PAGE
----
To keep up with the latest regulations regarding entering Canada, use the Government of Canada’s eligibility wizard. I recommend checking this website about a week before you travel and scanning it regularly for any changes.
You should also familiarize yourself with the latest restrictions and mandates in the specific places in Canada you’ll be visiting. As of early fall 2021, you’ll have to provide proof of full vaccination to go to Canada, as well as to enter many establishments within its borders. Mask wearing is standard inside public places, and Covid-19 testing is a requirement to enter the country.
👉 First time in Canada? Then check out my 16 must-read Canada travel tips to know before you go!
Common Scams in Canada
Though there is a fairly low risk when it comes to street scams in Canada, there are a couple of ploys to watch out for:
- ☎️ Phone call scams – if you’re using a Canadian SIM card during your stay, you may get phone calls from scammers asking for personal information or prepaid cards. Always decline.
- 📝 Street petitions – though not outright scammy, some street petitions (where people walk up to you asking to sign their petition) exist solely to get your personal information, such as your email address and phone number. They’ll then follow up with actual scams trying to get you to fork over money. As a foreigner, it’s best to avoid signing street petitions.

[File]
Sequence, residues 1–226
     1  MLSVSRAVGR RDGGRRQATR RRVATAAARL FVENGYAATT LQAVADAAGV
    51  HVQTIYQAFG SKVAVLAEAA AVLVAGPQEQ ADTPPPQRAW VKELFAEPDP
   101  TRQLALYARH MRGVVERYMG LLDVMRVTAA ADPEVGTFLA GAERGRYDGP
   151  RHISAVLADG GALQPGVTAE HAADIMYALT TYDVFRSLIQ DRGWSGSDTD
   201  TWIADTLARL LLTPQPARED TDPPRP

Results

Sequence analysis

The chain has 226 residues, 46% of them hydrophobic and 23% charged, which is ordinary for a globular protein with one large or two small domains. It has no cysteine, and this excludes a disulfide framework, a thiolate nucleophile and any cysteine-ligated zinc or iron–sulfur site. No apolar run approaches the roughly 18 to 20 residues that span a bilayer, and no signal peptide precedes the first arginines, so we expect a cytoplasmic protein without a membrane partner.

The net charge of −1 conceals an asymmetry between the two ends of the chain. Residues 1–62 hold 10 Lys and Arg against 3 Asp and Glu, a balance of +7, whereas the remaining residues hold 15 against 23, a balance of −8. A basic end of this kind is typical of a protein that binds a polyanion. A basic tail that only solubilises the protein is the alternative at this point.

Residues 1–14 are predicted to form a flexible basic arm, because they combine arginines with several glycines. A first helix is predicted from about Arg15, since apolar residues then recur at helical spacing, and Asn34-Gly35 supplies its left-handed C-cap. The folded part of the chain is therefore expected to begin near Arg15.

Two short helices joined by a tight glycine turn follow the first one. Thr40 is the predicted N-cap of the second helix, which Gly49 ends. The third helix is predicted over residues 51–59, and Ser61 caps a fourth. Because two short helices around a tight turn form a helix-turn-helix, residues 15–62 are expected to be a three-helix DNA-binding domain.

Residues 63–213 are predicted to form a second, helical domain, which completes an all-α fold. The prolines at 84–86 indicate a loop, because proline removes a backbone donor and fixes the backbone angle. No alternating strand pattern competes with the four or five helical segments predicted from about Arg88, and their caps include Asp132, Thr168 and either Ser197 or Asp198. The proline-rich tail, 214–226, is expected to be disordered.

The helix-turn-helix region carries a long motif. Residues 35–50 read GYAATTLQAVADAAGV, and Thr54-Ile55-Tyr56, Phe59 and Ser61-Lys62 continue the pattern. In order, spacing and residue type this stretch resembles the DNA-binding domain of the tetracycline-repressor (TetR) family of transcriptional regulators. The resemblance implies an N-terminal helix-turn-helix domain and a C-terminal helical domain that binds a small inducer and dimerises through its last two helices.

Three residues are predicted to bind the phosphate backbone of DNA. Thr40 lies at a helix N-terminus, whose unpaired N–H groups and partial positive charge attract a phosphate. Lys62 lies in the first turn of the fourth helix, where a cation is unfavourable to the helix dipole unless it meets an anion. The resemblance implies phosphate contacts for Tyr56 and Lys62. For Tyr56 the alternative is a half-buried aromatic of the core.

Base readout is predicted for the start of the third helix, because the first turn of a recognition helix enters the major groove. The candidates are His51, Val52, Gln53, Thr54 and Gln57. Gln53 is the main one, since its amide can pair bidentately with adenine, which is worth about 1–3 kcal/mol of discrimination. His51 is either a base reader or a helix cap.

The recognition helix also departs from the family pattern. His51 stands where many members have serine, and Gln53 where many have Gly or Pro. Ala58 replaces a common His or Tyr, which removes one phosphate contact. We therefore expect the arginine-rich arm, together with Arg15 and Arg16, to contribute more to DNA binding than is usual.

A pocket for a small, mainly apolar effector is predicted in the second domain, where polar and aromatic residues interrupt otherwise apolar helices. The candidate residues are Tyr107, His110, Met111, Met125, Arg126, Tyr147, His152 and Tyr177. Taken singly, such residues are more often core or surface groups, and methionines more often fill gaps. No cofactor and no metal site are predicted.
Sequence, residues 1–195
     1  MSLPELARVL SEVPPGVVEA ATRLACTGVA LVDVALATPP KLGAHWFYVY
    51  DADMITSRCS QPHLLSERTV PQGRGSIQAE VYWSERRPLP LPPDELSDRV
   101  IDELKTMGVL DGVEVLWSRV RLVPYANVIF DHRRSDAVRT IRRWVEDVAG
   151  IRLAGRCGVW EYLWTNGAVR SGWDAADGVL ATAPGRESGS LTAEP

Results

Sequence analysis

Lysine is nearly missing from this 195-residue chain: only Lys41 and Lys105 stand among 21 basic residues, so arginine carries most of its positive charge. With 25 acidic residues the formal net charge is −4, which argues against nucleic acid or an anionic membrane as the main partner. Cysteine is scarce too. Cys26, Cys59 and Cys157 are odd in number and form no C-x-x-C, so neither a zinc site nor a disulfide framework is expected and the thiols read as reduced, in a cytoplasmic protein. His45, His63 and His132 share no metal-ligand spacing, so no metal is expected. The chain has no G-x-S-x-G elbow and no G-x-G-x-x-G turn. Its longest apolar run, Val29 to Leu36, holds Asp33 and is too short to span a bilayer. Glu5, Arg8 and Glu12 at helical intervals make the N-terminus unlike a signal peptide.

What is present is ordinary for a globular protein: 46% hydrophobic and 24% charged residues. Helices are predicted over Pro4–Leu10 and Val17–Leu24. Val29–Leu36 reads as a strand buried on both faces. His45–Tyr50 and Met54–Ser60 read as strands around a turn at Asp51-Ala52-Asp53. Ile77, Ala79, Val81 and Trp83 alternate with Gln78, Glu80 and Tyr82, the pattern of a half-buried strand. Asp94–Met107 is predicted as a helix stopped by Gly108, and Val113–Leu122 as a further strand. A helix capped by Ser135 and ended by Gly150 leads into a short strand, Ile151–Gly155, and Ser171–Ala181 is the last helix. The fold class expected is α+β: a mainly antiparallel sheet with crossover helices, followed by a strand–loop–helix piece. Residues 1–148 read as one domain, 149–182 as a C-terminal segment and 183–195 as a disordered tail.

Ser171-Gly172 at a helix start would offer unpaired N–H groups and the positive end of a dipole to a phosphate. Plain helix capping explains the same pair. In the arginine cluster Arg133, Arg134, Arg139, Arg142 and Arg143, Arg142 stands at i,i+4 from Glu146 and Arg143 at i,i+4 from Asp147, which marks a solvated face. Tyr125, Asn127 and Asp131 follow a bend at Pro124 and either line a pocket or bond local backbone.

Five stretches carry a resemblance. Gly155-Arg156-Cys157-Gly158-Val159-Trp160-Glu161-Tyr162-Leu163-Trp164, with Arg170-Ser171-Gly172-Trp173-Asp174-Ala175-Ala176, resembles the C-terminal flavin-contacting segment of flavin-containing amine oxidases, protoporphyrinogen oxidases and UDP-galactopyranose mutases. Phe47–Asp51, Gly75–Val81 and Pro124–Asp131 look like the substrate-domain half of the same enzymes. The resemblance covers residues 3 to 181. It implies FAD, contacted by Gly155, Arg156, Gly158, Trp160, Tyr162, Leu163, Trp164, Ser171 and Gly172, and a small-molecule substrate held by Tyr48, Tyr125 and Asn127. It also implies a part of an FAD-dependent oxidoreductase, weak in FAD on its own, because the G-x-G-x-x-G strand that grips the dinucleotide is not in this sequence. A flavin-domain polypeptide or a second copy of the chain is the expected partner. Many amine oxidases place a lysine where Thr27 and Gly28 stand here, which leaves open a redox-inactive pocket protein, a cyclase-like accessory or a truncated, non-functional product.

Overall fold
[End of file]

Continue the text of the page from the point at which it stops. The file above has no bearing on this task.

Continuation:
- 💰 Pickpockets – a scam seemingly as old as time itself, pickpockets will generally strike in crowded situations when you’re distracted. When in the main squares of big cities (Toronto, Vancouver, Montreal, etc.) always keep your wallet or purse close to you and firmly on your body.
Weather in Canada
To be frank, the weather will be the biggest thing to look out for in terms of staying safe in Canada. A lot depends on where you choose to go, and what time of year you visit Canada. Here are a few things to look out for:
- 🌡️ Temperature – Temperatures in Canada regularly drop below -20°C (-4°F) in the winter, and can spike up to between 30°C (86°F) and 40°C (104°F) in the summer.
- 🚘 Driving – Snow and icy conditions can make winter driving in central Canada fairly hazardous. If you plan to travel from November through March, take stock of driving conditions and potential snow storms before you head out on the road.
- 🔥 Wildfires – Over the past few years, Canada has experienced dry, hot summers that have resulted in an ever-increasing amount of wildfires. These wildfires have forced evacuations from rural communities and have caused smoky conditions across the country. Stay aware of active wildfires during your visit, and keep tabs on any ones that may impede your travels.
👉 Pro tip: When you go to Canada is just as important as where you go. Check out our take on the best time to visit Canada for detailed information on the best months to go, climate, family travel, events, and budgeting.
Crime in Canada
Did you know that Canada is the tenth-safest country in the world according to the Global Peace Index? It’s true! Since the turn of the century, Canada has been experiencing a declining crime rate with numbers roughly 30% lower than they were in 2003.
In fact, according to 2019 Statista data, Canada had a homicide rate of 1.8 per 100,000 residents, whereas the United States had a rate of 5.
Yet, while Canada has a relatively low violent crime rate as compared to its southerly neighbor, the rate of property-related theft is slightly higher. For this reason, always make sure you keep valuables within sight or locked away, lock your car doors, and keep your passport stored away when not in use.
7 Canada Safety Tips
Tip #1 – Research the Crime Rates